Nonfiction, January 18, 2019 | Xpress Reviews

The sensation listeners get at the end of the last track of a wonderful recording; a welcomed addition to the parenting literature; for readers who are interested in aspirational lifestyle cooking; for Pat Conroy’s many fans

Week ending January 18, 2019

Abdurraqib, Hanif. Go Ahead in the Rain: Notes to a Tribe Called Quest. Univ. of Texas. Feb. 2019. 215p. ISBN 9781477316481. pap. $16.95. MUSIC
Poet and critic Abdurraqib (They Can t Kill Us Until They Kill Us) has written “a love letter to a group, a sound and an era.” This is an examination of the cultural, social, and personal influences that resulted in rap group a Tribe Called Quest’s best work as well as a study of the lasting legacy of their music. But it’s more than a musical analysis; Abdurraqib frames himself as a participant in the story. His journey is integral as the music weaves into his existence, and he conveys the passion felt when art gives voice to our lives. This is his homage, written at times directly to readers and at others to the members of the group. Anyone who has ever loved a band knows what he’s feeling.
VERDICT Abdurraqib evokes the sensation listeners get at the end of the last track of a wonderful recording, that recognition of having just heard something remarkable. His perceptive work will drive fans back to the original music.—Bill Baars, formerly with Lake Oswego P.L., OR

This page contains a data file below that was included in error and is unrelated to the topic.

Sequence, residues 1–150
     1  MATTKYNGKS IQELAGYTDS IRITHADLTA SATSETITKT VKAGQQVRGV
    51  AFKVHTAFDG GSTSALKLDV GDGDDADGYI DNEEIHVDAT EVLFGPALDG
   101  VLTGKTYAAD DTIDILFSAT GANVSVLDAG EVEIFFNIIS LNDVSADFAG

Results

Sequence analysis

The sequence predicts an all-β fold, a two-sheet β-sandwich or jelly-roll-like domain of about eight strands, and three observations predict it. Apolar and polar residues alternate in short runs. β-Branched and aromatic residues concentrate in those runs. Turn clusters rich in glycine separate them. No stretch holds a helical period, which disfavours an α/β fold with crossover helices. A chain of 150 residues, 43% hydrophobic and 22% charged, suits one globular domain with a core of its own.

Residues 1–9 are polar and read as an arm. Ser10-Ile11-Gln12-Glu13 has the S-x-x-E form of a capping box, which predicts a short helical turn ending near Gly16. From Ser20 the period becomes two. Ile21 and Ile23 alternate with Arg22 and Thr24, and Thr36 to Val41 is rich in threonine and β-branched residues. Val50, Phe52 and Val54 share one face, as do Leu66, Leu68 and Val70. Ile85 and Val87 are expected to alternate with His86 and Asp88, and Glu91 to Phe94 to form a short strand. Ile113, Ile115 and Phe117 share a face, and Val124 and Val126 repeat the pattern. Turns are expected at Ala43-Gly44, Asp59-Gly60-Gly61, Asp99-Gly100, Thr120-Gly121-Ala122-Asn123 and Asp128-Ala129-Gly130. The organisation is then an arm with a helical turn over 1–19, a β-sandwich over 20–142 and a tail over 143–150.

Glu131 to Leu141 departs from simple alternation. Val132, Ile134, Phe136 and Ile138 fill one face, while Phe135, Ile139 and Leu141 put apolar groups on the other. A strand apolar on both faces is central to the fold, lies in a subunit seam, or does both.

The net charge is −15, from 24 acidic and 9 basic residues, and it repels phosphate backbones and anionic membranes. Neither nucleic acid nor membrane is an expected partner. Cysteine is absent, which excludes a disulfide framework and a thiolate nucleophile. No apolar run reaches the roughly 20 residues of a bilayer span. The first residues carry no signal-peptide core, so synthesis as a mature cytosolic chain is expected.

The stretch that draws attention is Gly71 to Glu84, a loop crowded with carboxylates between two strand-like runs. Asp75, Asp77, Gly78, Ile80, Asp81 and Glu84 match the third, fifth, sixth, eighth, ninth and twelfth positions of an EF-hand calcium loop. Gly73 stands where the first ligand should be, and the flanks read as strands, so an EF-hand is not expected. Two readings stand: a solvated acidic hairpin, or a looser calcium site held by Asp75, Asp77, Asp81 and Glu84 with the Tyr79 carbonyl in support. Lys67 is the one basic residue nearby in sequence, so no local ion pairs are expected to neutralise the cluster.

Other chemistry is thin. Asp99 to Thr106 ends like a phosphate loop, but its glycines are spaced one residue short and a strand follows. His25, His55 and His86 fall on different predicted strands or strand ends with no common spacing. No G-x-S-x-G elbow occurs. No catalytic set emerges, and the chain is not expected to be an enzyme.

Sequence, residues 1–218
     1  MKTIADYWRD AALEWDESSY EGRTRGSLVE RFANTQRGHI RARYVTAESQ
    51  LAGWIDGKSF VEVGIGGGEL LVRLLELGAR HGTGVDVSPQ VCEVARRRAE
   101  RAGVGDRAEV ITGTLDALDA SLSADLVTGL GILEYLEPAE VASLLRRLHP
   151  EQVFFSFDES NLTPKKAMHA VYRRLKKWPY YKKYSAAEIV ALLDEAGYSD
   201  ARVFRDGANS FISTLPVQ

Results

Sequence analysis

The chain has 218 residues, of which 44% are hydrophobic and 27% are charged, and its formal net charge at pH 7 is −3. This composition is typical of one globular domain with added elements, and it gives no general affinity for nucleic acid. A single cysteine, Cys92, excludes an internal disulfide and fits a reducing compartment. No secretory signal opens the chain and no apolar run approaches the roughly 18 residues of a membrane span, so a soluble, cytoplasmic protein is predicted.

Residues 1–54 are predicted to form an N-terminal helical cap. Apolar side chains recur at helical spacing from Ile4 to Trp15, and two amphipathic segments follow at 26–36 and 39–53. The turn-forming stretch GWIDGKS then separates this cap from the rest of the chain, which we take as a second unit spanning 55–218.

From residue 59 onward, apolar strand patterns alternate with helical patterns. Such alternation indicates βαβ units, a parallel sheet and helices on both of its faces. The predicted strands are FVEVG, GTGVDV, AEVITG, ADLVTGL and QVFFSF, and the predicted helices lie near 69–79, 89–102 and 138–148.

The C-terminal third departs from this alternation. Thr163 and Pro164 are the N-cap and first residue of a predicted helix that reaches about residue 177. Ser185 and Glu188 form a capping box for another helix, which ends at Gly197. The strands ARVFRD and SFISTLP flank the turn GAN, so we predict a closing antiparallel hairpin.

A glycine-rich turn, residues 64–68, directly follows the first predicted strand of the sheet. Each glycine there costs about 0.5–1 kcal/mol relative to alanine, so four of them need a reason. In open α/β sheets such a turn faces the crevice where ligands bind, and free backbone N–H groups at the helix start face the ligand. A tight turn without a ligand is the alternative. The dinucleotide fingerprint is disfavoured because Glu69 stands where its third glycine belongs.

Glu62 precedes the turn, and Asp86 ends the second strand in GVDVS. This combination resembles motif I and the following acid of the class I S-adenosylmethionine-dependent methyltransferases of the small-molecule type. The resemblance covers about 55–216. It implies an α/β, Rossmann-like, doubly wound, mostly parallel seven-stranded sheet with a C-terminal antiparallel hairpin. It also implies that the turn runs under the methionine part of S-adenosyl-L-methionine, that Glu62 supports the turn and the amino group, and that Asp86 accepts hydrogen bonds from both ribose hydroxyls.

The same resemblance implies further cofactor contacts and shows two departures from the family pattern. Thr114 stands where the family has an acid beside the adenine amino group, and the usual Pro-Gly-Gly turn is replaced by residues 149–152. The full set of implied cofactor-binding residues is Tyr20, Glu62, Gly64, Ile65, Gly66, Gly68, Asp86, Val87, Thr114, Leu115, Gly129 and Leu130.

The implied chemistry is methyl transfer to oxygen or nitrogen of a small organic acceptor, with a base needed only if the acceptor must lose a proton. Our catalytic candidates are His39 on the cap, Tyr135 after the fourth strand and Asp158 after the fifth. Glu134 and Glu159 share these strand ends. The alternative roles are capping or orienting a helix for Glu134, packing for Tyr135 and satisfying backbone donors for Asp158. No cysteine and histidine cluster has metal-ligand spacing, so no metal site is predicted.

Chakravarthy, Janaki. From Broke to Breadwinner: The Single Mom’s Guide to Financial Independence and More. Morgan James. Jan. 2019. 129p. ISBN 9781642790221. pap. $14.95; ebk. ISBN 9781642790238. CHILD REARING
In her early 30s, Chakravarthy took on the role of single mom. Living in Bangalore, India, in the early 1990s, the author was forced to navigate not only social stigma but also the professional, personal, and financial challenges that come with the responsibility of solo parenting. In a culture and time period in which arranged marriages were still the norm, living with in-laws was common, and women were taught to be obedient and respectful. Here, Chakravarthy shares her recipe for success: six ingredients to move a single mom from broke to breadwinner, while offering stories of those who have found financial freedom using these techniques. Each chapter includes a summary of the method as well as questions designed to help readers develop an action plan.
VERDICT Succinct and straightforward, this quick read presents a simple formula to implement and is a welcomed addition to the parenting literature.—Julia M. Reffner, North Chesterfield, VA